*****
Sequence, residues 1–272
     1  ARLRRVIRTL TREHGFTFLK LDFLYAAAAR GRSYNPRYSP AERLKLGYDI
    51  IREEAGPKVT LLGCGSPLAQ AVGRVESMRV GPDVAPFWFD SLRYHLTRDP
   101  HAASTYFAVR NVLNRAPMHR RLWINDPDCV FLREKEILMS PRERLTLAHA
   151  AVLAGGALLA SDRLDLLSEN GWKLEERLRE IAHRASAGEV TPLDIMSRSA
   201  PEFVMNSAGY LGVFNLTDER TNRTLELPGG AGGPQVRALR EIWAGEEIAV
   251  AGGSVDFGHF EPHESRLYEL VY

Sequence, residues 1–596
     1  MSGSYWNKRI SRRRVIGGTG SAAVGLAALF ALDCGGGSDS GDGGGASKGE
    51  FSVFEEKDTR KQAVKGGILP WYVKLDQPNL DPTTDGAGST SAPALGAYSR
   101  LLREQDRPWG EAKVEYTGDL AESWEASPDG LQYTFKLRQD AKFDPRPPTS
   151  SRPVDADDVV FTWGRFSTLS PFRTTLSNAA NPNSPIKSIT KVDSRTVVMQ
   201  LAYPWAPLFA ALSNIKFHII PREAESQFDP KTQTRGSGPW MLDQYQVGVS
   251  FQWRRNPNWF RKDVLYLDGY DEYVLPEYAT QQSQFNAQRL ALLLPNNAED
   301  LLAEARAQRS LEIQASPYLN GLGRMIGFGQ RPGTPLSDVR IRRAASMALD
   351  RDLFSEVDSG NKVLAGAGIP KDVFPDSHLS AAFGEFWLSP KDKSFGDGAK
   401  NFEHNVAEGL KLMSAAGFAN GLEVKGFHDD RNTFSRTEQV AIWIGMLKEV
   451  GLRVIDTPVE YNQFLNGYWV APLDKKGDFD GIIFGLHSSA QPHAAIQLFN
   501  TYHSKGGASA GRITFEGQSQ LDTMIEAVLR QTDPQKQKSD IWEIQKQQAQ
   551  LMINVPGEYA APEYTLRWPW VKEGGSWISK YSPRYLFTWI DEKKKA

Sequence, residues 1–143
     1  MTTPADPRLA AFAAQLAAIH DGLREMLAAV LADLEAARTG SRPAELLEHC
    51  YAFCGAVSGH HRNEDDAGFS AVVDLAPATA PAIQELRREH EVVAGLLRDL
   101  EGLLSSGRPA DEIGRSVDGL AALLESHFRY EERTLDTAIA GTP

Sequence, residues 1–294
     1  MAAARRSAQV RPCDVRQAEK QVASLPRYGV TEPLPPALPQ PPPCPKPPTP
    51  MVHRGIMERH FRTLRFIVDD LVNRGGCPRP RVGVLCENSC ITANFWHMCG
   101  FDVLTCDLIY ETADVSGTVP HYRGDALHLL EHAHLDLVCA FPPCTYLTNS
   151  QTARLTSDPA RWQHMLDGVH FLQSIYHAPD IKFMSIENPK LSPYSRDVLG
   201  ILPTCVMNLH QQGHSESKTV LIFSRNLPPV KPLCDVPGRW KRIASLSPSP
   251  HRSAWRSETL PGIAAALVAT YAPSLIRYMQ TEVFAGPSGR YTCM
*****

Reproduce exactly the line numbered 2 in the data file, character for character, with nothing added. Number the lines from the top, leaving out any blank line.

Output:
     1  ARLRRVIRTL TREHGFTFLK LDFLYAAAAR GRSYNPRYSP AERLKLGYDI